Preview: England wary of energetic Ireland

Ireland, led by William Porterfield, have played determined enough cricket so far to punish any further scrappiness by England and Ian Bell acknowledged their performance.

By Jamie Alter

 

Bengaluru: Mar 2, 2011

 

There are still 16 days to go till St Patrick’s Day, but Ireland will hope to get warmed up with a positive display against England. The most talented off all the Associate nations, the Irish camp would have watched closely England’s jittery and error-strewn opening victory over Netherlands, and their struggles against India, and know better than any team that on the day, it’s anybody’s game.

 

Ireland, led by William Porterfield, have played determined enough cricket so far to punish any further scrappiness by England and Ian Bell acknowledged their performance. “We will be aware of the huge danger of not playing to our potential against Ireland,” said Bell. “I fully respect the Irish team. We cannot just turn up and expect to win. Off the back of a great result against India, we need to carry that on now. It is not a game we can just coast. There are some dangerous players in that Ireland side.”

 

Ireland should have beaten Bangladesh, but a bout of nerves and some brittle batting – sad, considering how energetically Ireland had bowled and fielded – led to defeat in the cauldron of Mirpur. Porterfield put his hand up after the loss and admitted his rash shot had opened up the gates. It was indeed the batting which led to defeat; down the order, the talented and incredibly valuable O’Brien brothers, Niall and Kevin, got off to starts only to give away their wickets. It is a trend Ireland can ill afford against England.

 

England’s batting, minus Andrew Strauss and Bell, and to an extent Kevin Pietersen, was a shambles against India. Subtract Strauss’ excellent 158 and Bell’s pugnacious 69, and the eight other Englishmen who picked up a bat on Sunday night scored just 111 runs. What England will take out of that epic tie is the belief that anything is possible. England sides of the past have regularly underachieved with the bat, and to come so close to chasing 339 left this current team with mixed emotions, as Strauss readily admitted after the match.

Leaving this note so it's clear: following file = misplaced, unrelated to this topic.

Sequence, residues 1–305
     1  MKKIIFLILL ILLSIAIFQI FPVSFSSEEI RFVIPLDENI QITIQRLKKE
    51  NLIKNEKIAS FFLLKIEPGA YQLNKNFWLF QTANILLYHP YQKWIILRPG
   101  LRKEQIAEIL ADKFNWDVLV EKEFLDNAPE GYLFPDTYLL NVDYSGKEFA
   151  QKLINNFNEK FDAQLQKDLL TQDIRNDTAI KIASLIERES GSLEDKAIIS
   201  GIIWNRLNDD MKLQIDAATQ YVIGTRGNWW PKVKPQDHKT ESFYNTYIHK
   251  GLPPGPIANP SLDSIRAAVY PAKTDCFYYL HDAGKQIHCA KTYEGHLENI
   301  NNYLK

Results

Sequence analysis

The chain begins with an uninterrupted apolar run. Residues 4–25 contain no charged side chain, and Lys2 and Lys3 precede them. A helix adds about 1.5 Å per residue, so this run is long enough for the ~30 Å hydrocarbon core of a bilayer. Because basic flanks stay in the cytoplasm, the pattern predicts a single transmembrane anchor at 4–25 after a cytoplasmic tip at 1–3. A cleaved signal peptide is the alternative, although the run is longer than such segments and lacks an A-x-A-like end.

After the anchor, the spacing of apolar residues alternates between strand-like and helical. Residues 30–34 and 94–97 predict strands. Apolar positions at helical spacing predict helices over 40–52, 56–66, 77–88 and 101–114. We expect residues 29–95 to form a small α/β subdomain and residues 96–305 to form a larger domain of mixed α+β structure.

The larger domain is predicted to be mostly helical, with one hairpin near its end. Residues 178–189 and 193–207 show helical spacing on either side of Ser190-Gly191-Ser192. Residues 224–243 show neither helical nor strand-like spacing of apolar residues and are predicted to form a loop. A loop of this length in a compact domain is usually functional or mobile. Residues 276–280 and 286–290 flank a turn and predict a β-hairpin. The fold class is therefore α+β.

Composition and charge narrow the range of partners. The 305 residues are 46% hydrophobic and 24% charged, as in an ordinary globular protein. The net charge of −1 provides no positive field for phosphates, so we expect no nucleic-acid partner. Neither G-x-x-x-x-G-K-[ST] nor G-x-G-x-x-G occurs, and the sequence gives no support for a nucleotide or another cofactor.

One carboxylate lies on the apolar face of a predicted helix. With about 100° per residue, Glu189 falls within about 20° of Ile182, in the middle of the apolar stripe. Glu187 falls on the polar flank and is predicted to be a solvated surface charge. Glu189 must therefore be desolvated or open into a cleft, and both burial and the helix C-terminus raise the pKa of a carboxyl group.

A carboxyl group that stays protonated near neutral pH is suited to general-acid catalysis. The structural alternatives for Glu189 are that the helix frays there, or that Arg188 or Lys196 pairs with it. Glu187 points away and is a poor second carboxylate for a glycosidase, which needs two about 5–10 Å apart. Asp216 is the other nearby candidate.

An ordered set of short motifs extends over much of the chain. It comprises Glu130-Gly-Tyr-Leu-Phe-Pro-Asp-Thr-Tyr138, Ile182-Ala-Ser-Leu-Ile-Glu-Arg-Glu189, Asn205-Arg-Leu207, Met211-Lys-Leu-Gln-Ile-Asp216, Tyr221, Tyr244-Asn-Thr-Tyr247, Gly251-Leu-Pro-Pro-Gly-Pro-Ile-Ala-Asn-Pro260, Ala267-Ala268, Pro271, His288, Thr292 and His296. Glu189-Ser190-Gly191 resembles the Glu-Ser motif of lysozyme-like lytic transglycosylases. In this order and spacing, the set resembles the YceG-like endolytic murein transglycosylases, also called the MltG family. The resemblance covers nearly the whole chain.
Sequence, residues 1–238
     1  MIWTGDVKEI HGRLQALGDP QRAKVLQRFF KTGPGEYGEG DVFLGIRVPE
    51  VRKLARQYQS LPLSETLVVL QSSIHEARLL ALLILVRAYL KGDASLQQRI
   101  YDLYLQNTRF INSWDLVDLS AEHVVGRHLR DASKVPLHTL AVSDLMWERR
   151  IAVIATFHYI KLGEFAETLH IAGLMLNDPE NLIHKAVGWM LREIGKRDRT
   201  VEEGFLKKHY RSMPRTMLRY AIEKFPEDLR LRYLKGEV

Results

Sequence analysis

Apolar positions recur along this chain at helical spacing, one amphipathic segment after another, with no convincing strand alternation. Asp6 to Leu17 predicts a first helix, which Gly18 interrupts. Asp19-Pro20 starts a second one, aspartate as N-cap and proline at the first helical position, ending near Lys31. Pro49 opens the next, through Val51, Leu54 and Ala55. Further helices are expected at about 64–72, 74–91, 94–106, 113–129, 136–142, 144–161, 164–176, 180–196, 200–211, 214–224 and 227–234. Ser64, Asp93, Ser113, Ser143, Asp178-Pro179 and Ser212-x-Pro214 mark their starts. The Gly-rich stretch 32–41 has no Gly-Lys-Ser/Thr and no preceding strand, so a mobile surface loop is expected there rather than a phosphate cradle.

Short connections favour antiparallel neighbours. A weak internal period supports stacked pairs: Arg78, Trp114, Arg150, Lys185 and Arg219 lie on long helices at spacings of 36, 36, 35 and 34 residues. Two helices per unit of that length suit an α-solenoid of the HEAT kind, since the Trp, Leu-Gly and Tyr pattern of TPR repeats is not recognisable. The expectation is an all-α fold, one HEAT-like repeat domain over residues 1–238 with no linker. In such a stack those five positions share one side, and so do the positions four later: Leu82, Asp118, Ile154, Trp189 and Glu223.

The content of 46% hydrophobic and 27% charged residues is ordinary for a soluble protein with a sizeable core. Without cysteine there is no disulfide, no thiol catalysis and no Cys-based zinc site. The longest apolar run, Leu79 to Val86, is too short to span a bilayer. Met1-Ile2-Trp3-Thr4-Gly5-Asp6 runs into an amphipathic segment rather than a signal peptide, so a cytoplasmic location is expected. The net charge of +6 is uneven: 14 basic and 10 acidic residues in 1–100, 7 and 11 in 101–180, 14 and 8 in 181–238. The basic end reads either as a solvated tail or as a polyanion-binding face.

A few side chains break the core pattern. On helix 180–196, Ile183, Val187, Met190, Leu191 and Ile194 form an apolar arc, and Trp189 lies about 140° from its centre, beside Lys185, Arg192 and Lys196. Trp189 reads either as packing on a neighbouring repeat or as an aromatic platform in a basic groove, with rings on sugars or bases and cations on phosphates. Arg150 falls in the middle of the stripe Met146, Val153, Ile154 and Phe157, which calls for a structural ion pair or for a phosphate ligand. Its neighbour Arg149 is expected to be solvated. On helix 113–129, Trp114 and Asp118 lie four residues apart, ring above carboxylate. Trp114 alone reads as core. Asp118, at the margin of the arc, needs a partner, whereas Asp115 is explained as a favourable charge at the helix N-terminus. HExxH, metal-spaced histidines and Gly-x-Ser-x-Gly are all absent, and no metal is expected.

England’s bowling lacked conviction against India, with only Tim Bresnan’s five wickets having any impact. England missed Stuart Broad and will hope he has recovered for tomorrow’s match, and if he does, the man to go out is the team’s spearhead, James Anderson. Anderson has had a torrid time in the World Cup, bleeding 163 runs in 19.5 overs for a solitary wicket. He’s struggled for swing, understandably given the unfavourable conditions, but what has been worrisome from England’s perspective is his waywardness during the slog overs. They cannot have their strike bowler spraying the ball about while in a poor state of mind, and given Ajmal Shahzad’s tidy first six overs in Bangalore and his clean hitting during a frenetic finale, it’s foreseeable that he makes the list ahead of Anderson. The twin spin approach is likely to stay intact, with Michael Yardy backing up Graeme Swann.

 

For Ireland, the impact of big Boyd Rankin could be a cause for concern. Undoubtedly their biggest asset  – and star of the 2007 World Cup – the 6 ft 7 in Rankin appeared to have lost pace and accuracy during the defeat in Dhaka, and that’s worrying when your main bowler is struggling against Bangladesh. Rankin is making a comeback after injury so may be a bit ginger, but this is after all a World Cup. Up against England, his pace and bounce will be a big factor in how strong a start the opposition gets off to. Andre Botha and young George Dockrell, the talented left-arm spinner who bowled beautifully against Bangladesh, will be relied heavily upon to curb runs and take wickets.

 

Personnel changes aside, England will be fully aware that there’s little room for error against an Ireland side that gives away very little in the field and who always back their bowling and batting limitations with commitment.  

 

Teams:

 

England (probable): Andrew Strauss (c), Kevin Pietersen, Jonathan Trott, Ian Bell, Paul Collingwood, Matthew Prior (wk), Michael Yardy, Tim Bresnan, Stuart Broad, Graeme Swann, Ajmal Shehzad/James Anderson.

 

Ireland (probable):  William Porterfield (c), Paul Stirling, Ed Joyce, Niall O’Brien (wk), Andrew White, Kevin O’Brien, Andre Botha, John Mooney, Trent Johnston, George Dockrell, Boyd Rankin. 

 

Umpires: Aleem Dar (Pakistan) and Billy Bowden (New Zealand).

 

Time: 14.30 local (09.00 GMT)

 

(Jamie Alter is a freelance cricket writer, having worked at ESPNcricinfo and All Sports Magazine. His first book, The History of World Cup Cricket, is out now.)

 

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